School exam reliables Macbeth, Romeo & Juliet, and King Lear top the list for most-searched Shakespeare plays in Ireland in the last year
It’s not much ado about nothing, but to celebrate William Shakespeare Day on the 23rd April Google has compiled the top web searches and most-viewed YouTube videos in Ireland from the last year that were related to the world’s most famous playwright.
It’s been double, double toil and trouble for the last twelve months as Macbeth leads the field by topping both the Google Search and YouTube most-watched lists, a result likely due to its inclusion in the syllabus for 2019’s Leaving Cert English exam. Similarly, the third most-searched Shakespearean play was King Lear, which appears in this year’s Leaving Cert exam, while in fourth was Hamlet, which students faced in summer of last year. Forsooth!
Meanwhile Romeo and Juliet, the Junior Cert favourite, unsurprisingly appeared in second place in Google Search and third in YouTube views in the last year, while students also demanded their pound of flesh from the exam’s alternative choice, Merchant of Venice, which came in at fifth and fourth respectively.
But despite the popularity of “The Scottish Play”, as it is otherwise known to the superstitious, there are no Macbeth quotes in the 10 most searched-for lines from Shakespeare’s works – instead, Hamlet’s famous “To be or not to be” takes top spot, followed by “That which we call a rose by any other name would smell as sweet” from Romeo & Juliet.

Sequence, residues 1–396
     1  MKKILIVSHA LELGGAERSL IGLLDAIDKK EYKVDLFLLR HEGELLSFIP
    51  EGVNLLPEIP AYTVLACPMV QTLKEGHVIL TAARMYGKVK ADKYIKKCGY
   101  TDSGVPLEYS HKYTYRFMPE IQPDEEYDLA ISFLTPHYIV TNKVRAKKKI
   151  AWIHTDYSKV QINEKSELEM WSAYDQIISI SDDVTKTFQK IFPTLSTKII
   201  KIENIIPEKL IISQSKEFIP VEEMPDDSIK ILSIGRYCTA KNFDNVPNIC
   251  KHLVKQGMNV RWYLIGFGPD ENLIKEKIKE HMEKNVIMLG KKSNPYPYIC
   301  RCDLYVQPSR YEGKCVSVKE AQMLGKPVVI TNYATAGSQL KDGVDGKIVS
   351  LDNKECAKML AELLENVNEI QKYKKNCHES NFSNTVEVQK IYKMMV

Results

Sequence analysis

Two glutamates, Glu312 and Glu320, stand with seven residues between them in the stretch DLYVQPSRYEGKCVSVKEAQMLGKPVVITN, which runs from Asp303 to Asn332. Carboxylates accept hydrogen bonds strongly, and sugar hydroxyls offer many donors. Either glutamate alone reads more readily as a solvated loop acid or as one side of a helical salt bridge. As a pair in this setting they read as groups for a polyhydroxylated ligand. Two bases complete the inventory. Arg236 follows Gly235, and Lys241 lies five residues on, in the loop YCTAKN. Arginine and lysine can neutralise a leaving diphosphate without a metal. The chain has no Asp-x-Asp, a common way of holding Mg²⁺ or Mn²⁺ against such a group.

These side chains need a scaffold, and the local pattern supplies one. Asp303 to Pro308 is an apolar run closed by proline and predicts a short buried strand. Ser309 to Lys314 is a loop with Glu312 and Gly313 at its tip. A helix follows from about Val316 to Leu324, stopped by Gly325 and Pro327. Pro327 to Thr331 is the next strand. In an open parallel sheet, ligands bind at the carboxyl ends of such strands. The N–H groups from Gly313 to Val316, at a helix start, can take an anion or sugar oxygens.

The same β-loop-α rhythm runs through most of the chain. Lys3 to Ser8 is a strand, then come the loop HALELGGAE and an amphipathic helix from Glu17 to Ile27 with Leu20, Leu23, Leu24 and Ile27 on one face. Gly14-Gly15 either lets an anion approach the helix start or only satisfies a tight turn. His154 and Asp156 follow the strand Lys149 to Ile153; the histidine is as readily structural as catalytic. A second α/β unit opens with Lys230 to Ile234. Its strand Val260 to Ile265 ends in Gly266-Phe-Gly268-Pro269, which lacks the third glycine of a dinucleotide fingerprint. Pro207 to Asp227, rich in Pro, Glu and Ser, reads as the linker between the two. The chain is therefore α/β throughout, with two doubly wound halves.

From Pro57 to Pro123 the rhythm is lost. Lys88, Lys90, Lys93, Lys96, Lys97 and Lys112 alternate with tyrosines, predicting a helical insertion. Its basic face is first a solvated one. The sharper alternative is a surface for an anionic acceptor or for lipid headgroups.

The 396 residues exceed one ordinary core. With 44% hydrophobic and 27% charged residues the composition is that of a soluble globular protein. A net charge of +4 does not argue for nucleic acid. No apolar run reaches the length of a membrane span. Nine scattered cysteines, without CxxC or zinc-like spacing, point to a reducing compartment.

Of the remaining eight quotes in the most-searched list, the Irish have shown ourselves to have a preference for the political, with two quotes from Julius Caesar (“Et tu, Brute?” in 3rd place and “Beware the Ides of March” in 6th), and for the romantic (“This above all: to thine own self be true” (5th place, from Hamlet) and “If music be the food of love, play on” (8th place, from Twelfth Night)).
Speaking about the results, Elijah Lawal, Google UK & Ireland Communications Manager, said, “Ireland hath long has’t a deep love of Shakespeare, with his worketh f’rming a parteth of the Irish education curriculum for decades. That students useth Google and YouTube as part of their learnings – bringing a 21st century twist to this most prestigious of playwrights – is a most wondrous source of jubilation for us.”